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What is a Change of Circumstances?

A “Change of Circumstances” in Utah Child Custody Cases requires that the court shall not modify a prior decree allocating parental rights and responsibilities for the care of children unless it finds, based on facts that have arisen since the prior decree or that were unknown to the court at the time of the prior decree, that a change has occurred in the circumstances of the child, the child’s residential parent, or either of the parents subject to a shared parenting decree, and that the modification is necessary to serve the best interest of the child. In applying these standards, the court shall retain the residential parent designated by the prior decree or the prior shared parenting decree, unless a modification is in the best interest of the child and one of the following applies:
(i) The residential parent agrees to a change in the residential parent or both parents under a shared parenting decree agree to a change in the designation of residential parent.
(ii) The child, with the consent of the residential parent or of both parents under a shared parenting decree, has been integrated into the family of the person seeking to become the residential parent.
(iii) The harm likely to be caused by a change of environment is outweighed by the advantages of the change of environment to the child.

What is a Change of Circumstances

Utah law has several hurdles for a parent that wants to change custody, and the burden of proof is on the parent who wants the change.  As a custody lawyer, I can tell you, that this means you have to not only tell the court, but provide substantial evidence to the court to get what you want. The first step of these complicated requirements is generally that there must have been a change or circumstances based on facts that did not exist at the time of last custody order.  For the most part, the Utah Revised Code is silent about what is or is not a “change of circumstances”, and the answer is found in case law. Sounds simple, right?  Nope.  Case law varies among the appellate districts.  The best you can do is look at the case law, and which trends last over time.  The bottom line is that unless a court is directly violating a case precedent that has authority over that court, the court has a LOT of latitude to decide whether or not there has been a change in circumstances.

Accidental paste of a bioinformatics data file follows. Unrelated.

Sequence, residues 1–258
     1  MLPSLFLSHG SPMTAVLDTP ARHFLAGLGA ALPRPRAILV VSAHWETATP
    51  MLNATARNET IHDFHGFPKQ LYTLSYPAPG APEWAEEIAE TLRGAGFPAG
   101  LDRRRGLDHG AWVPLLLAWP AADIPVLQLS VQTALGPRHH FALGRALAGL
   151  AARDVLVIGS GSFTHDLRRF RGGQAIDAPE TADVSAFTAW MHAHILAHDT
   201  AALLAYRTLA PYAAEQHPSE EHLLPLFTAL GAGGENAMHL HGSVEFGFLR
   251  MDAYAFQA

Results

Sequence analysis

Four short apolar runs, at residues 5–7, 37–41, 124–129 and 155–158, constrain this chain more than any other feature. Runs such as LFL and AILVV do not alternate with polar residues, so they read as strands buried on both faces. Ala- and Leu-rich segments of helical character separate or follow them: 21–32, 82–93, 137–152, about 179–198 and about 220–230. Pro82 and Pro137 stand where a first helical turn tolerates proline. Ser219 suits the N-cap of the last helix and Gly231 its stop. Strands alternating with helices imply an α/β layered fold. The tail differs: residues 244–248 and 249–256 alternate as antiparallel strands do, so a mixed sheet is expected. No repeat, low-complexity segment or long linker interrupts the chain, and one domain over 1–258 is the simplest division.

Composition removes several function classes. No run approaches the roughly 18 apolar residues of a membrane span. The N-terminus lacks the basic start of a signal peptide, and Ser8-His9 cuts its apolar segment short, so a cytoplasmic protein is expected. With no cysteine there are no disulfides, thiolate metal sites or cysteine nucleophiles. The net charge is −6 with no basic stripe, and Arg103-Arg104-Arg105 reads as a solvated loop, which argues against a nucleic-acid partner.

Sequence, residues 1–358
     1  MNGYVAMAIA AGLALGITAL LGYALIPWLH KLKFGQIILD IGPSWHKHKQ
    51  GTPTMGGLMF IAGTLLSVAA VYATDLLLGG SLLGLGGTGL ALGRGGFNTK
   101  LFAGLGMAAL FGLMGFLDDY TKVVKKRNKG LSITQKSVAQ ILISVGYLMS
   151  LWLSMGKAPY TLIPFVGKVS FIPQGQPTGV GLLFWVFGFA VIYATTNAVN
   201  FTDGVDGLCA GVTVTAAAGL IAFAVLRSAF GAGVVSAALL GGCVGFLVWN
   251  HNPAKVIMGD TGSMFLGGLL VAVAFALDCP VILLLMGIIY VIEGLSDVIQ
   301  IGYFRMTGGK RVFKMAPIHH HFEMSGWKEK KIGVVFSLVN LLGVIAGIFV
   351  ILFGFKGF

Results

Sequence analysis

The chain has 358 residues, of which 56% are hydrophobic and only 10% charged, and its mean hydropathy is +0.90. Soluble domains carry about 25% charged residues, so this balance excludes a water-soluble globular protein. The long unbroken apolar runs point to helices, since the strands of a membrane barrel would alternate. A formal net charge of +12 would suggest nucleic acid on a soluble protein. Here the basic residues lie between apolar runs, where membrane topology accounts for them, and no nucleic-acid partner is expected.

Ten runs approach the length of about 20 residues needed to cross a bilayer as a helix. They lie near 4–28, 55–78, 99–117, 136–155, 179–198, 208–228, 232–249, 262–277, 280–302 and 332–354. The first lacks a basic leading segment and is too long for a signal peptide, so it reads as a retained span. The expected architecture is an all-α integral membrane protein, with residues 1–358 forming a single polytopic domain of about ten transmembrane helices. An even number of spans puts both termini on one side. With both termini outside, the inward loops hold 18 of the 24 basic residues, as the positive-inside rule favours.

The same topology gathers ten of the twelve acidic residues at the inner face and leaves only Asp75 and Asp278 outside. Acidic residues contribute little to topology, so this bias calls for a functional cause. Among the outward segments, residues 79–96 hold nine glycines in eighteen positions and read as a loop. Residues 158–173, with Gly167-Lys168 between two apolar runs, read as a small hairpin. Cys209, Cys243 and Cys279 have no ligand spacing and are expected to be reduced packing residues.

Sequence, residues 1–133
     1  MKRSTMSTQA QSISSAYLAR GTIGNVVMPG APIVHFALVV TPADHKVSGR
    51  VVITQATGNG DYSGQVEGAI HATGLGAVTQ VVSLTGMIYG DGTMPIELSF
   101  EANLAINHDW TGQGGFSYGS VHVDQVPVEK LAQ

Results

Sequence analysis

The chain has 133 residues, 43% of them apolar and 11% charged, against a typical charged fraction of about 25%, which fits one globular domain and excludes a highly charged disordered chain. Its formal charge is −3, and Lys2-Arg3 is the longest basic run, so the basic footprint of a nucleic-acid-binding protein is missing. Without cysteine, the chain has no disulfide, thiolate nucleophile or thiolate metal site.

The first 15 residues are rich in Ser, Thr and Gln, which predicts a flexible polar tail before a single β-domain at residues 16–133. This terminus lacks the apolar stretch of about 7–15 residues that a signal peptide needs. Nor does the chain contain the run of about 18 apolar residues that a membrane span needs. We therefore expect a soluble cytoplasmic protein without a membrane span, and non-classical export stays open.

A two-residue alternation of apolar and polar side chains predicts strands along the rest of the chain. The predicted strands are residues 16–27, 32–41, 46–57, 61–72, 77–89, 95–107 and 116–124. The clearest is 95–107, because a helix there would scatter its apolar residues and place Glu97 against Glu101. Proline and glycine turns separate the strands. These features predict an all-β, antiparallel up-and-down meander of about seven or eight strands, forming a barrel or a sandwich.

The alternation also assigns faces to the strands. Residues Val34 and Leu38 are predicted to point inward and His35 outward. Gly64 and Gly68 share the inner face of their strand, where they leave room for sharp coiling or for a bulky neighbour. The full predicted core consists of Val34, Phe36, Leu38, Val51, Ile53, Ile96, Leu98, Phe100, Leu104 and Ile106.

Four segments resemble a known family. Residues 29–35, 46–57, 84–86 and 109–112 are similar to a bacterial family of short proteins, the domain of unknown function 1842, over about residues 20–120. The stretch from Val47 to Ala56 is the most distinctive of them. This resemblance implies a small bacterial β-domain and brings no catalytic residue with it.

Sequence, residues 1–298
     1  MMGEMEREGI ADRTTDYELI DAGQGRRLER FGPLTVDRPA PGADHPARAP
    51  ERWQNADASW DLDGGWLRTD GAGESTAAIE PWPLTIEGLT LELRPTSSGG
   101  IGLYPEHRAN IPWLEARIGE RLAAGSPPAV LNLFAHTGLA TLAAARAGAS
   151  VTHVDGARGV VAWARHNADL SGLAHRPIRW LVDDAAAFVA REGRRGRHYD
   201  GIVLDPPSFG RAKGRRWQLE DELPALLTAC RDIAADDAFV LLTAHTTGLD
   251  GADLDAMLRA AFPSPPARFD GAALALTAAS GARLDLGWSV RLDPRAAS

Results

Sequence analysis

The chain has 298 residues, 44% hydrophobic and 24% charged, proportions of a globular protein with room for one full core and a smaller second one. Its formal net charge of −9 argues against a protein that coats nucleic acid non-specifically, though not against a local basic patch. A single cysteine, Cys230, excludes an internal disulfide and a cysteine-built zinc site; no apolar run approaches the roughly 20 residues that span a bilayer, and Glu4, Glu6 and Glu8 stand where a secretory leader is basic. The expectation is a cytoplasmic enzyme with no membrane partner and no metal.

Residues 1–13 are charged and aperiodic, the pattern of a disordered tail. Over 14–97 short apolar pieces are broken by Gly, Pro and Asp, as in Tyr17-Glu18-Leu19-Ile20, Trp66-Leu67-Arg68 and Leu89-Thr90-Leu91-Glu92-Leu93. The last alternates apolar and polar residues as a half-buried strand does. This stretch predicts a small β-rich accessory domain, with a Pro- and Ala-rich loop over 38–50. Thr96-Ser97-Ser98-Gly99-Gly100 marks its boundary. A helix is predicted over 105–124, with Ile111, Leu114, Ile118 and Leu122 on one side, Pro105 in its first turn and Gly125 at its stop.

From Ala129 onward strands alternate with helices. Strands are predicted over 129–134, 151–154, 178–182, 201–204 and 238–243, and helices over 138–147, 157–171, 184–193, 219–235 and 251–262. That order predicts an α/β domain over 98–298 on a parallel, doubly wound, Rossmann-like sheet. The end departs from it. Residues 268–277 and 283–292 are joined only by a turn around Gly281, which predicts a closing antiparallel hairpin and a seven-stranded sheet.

Military Parents and Change of Circumstances

One exception to this is that The court shall not find past, present, or possible future active military service in the uniformed services to constitute a change in circumstances justifying modification of a prior decree.  For more information about Utah active military members being deployed and custody, click this link to read our article about this subject.

So What is a Change of Circumstances?

What about non-military parents?  For those parents, what constitutes a change of circumstances is mostly a matter of case law.  There are a few issues that have gone to the supreme court of Utah, and those rulings apply to the whole state, but there are other issues that vary from one appellate district to another.

Moving and Change of Circumstances

There is a case where a trial court abuses its discretion when it modifies custody based solely upon evidence that the residential parent intends to leave the State of Utah with the child.  Supreme Court said it was unconscionable for a trial court to treat a parent’s desire to leave the state as a substantial change in circumstances.  However, in that case, the mother had not actually left the state, had only expressed an intention to leave.  A very different result may occur if the parent has already left.  When a parent moves, a child changes schools, loses peers, changes doctors and sometimes loses frequent access to relatives.  These are factors a court would consider.  Courts are not big fans of parents moving the child far away from the other parent.  Put simply – it’s complicated.

Free Consultation with Child Custody Lawyer

When you need help from an experienced and caring child custody lawyer, please call Ascent Law at (801) 676-5506 for your free consultation. We will help you.

Michael R. Anderson, JD

Ascent Law LLC
8833 S. Redwood Road, Suite C
West Jordan, Utah
84088 United States

Telephone: (801) 676-5506

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About the Author

People who want a lot of Bull go to a Butcher. People who want results navigating a complex legal field go to a Lawyer that they can trust. That’s where I come in. I am Michael Anderson, an Attorney in the Salt Lake area focusing on the needs of the Average Joe wanting a better life for him and his family. I’m the Lawyer you can trust. I grew up in Utah and love it here. I am a Father to three, a Husband to one, and an Entrepreneur. I understand the feelings of joy each of those roles bring, and I understand the feeling of disappointment, fear, and regret when things go wrong. I attended the University of Utah where I received a B.A. degree in 2010 and a J.D. in 2014. I have focused my practice in Wills, Trusts, Real Estate, and Business Law. I love the thrill of helping clients secure their future, leaving a real legacy to their children. Unfortunately when problems arise with families. I also practice Family Law, with a focus on keeping relationships between the soon to be Ex’s civil for the benefit of their children and allowing both to walk away quickly with their heads held high. Before you worry too much about losing everything that you have worked for, before you permit yourself to be bullied by your soon to be ex, before you shed one more tear in silence, call me. I’m the Lawyer you can trust.